Utilizing Usenet Hierarchies to Find Information
Generally speaking, there are more qualified individuals posting on Usenet newsgroups than there are on most web forums. Web forums, when it comes down to it, are very easy to join and to use. Usenet is also easy to use, but it™s not as well-known as are Internet forums. Usenet is broken up into hierarchies and the newsgroups within them are places where you™ll find serious debates going on about a range of topics and, sometimes, posts from very interesting individuals who are experts in the field being discussed.
The hierarchies that are the most important if you™re looking for good information are those that belong to the œBig 8. The Big 8 hierarchies are the most established and the most difficult to get a group in. They are carried by just about every Usenet server out there. The 8 hierarchies include: comp, or computers; humanities; misc, for miscellaneous topics; news, which is about Usenet; rec, which covers recreational topics; sci, which covers scientific topics; soc, a hierarchy devoted to social issues; and talk, which is the place to go for passionate and lively debates. These hierarchies will be the first part of the name of any newsgroup. Among these 8, the match between topic and name is very accurate.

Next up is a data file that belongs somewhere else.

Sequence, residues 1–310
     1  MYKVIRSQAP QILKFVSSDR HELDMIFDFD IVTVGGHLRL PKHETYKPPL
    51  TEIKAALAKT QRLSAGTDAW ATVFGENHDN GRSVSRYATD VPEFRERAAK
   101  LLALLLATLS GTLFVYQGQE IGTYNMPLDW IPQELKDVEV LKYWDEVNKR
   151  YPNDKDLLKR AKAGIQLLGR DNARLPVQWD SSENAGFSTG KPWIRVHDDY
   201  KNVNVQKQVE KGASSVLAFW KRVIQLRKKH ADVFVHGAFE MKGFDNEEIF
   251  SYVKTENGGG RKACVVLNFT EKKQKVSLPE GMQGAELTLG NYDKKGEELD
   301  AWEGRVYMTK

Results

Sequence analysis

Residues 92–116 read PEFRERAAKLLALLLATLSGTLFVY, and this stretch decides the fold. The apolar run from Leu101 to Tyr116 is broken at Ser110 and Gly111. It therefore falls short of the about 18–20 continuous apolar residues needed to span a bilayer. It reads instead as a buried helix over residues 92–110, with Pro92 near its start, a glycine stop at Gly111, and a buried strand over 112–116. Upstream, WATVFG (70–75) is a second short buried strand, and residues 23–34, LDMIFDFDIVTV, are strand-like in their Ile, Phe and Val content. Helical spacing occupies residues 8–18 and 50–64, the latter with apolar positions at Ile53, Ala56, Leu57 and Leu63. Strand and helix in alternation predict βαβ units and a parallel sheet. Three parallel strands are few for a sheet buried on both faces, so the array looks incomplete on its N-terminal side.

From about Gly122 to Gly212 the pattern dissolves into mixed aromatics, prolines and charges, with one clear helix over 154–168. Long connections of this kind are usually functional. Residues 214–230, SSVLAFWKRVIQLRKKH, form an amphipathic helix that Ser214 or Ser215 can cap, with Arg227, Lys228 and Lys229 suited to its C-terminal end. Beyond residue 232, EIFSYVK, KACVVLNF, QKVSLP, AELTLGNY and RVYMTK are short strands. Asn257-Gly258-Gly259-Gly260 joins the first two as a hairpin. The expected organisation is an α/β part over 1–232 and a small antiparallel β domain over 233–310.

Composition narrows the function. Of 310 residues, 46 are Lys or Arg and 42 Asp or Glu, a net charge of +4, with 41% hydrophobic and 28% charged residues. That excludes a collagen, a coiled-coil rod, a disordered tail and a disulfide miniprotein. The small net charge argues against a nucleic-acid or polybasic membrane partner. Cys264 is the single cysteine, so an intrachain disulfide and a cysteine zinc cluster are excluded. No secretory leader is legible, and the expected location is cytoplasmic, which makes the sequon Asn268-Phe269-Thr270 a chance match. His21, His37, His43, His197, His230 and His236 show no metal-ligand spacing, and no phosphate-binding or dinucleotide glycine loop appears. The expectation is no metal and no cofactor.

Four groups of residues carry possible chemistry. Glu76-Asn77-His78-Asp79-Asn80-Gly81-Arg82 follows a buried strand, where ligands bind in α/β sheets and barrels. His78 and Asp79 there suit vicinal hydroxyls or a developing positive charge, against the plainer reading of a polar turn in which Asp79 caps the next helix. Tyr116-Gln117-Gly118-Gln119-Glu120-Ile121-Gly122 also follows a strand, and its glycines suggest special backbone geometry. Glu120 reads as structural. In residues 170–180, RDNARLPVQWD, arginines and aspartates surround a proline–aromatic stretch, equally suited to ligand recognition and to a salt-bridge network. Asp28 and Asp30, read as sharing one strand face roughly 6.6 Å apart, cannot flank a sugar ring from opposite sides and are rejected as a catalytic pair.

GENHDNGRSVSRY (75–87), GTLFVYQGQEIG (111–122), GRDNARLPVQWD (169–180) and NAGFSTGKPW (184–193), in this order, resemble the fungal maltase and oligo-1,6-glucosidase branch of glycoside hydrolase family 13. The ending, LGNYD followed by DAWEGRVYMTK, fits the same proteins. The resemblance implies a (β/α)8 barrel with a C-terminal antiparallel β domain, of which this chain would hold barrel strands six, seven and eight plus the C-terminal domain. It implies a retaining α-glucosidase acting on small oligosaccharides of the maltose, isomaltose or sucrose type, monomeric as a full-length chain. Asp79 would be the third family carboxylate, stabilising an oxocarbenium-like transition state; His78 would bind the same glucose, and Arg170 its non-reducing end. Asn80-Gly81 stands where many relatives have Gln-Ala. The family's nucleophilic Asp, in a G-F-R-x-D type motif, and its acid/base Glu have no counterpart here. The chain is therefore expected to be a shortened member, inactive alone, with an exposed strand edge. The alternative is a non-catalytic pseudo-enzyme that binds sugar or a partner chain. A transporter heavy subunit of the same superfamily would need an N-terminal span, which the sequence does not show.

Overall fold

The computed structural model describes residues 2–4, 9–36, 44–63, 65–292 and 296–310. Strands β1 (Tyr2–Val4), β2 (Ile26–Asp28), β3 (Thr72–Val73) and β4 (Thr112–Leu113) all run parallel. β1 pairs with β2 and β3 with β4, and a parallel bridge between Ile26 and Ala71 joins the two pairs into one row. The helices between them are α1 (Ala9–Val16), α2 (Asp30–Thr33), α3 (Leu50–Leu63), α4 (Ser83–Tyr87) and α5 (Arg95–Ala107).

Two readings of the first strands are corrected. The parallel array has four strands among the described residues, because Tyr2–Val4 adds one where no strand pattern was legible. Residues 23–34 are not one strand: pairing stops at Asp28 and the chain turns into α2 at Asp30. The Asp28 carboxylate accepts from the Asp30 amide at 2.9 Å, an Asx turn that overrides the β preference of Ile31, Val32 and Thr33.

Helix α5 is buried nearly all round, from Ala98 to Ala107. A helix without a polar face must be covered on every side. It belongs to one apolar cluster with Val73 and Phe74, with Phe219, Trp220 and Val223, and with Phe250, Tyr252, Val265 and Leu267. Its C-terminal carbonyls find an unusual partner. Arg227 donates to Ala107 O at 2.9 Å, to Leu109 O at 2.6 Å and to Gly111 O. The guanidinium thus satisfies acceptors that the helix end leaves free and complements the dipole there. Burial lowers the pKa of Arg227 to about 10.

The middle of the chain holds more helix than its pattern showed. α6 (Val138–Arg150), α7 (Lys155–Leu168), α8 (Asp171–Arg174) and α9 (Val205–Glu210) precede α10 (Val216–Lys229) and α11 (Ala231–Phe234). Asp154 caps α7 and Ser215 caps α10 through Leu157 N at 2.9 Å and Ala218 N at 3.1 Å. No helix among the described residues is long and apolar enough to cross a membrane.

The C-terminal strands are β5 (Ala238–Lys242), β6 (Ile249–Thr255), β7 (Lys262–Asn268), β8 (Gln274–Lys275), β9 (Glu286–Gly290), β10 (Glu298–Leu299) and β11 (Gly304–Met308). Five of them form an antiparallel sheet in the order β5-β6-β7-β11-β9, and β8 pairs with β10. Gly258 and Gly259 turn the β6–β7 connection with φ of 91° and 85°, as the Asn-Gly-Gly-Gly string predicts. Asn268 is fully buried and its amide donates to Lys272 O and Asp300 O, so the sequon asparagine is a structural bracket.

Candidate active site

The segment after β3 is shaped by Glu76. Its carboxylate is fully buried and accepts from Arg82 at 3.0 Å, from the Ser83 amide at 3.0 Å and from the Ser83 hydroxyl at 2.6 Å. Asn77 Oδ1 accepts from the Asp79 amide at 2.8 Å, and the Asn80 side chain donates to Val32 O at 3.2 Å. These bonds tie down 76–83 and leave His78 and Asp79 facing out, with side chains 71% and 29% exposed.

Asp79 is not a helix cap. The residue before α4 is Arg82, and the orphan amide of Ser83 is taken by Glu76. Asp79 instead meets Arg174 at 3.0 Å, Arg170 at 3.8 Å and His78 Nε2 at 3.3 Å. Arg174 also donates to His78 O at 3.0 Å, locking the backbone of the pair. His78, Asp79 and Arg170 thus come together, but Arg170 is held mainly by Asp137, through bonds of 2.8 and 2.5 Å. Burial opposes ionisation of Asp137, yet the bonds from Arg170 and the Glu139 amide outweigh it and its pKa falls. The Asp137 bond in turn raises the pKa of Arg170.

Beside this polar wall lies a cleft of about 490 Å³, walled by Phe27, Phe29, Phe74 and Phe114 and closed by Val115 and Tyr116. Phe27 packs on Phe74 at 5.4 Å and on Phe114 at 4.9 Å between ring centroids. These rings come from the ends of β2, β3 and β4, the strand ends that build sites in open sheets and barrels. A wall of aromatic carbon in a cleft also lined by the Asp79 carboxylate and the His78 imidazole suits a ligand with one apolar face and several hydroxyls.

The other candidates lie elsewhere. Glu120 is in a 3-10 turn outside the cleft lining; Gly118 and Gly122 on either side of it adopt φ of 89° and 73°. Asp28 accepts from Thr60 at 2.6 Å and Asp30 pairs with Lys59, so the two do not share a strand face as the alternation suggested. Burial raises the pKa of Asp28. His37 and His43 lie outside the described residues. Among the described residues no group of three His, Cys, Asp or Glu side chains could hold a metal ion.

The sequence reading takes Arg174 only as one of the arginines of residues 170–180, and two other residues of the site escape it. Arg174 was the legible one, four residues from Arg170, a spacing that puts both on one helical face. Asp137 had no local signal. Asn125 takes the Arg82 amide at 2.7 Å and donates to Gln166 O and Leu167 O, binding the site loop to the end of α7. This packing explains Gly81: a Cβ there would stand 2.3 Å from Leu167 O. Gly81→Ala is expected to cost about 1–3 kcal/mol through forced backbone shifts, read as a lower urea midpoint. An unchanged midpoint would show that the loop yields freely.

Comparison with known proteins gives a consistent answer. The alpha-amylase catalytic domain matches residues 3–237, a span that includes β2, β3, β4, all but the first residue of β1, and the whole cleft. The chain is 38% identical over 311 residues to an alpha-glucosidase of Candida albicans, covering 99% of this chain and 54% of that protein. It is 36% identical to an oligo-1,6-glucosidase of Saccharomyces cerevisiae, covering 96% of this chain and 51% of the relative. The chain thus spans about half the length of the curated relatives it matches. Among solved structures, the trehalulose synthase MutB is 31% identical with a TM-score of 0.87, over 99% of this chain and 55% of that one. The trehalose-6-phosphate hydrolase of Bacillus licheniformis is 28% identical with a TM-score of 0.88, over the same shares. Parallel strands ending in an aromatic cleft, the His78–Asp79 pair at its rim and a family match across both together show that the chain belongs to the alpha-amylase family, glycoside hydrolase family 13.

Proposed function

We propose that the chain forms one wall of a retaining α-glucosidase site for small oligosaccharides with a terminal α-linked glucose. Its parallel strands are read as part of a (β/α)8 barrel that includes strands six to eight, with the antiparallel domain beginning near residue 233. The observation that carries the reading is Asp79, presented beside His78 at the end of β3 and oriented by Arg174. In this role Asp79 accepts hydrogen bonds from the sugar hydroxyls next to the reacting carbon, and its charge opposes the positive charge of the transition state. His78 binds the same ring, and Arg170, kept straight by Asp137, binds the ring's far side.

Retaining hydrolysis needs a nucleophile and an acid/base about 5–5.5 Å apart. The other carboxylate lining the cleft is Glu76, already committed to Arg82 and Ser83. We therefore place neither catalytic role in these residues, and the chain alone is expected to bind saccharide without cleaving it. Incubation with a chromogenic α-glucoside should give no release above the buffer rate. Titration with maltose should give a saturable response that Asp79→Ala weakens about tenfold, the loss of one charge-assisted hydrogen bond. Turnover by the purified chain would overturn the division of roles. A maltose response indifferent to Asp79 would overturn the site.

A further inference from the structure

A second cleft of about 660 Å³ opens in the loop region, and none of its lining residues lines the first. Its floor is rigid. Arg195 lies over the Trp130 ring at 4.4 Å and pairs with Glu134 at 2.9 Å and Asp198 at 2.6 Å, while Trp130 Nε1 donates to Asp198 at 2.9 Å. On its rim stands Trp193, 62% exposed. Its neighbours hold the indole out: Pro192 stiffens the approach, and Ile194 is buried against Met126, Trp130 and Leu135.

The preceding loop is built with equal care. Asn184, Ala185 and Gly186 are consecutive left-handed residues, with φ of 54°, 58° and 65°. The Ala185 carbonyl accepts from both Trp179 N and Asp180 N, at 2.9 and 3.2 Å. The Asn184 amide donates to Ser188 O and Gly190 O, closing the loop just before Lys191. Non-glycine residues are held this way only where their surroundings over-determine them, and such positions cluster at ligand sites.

The computer and science hierarchies tend to have a lot of very informed, very accomplished people that talk within the newsgroups. The comp hierarchy tends to draw people who have an interest in computers beyond the fad of the moment and, because of the longevity of the Usenet system, it has a lot of people who have been involved with computers since the advent of the home PC. The science newsgroups have a lot of actual scientists in them. You™ll find much of the discussion very advanced and very detailed.
You can use the hierarchy to find the newsgroup that addresses your interest in the broadest sense and then narrow down by the rest of the name. For instance, if you were looking for a group about people who search for comets, you may want to look for a group name such as sci.astronomy.comets. There are usually several different newsgroups for any given topic. Make sure you look for the most active of them. Some newsgroups do drop off after a while, but many of them have been around for decades and have a loyal following.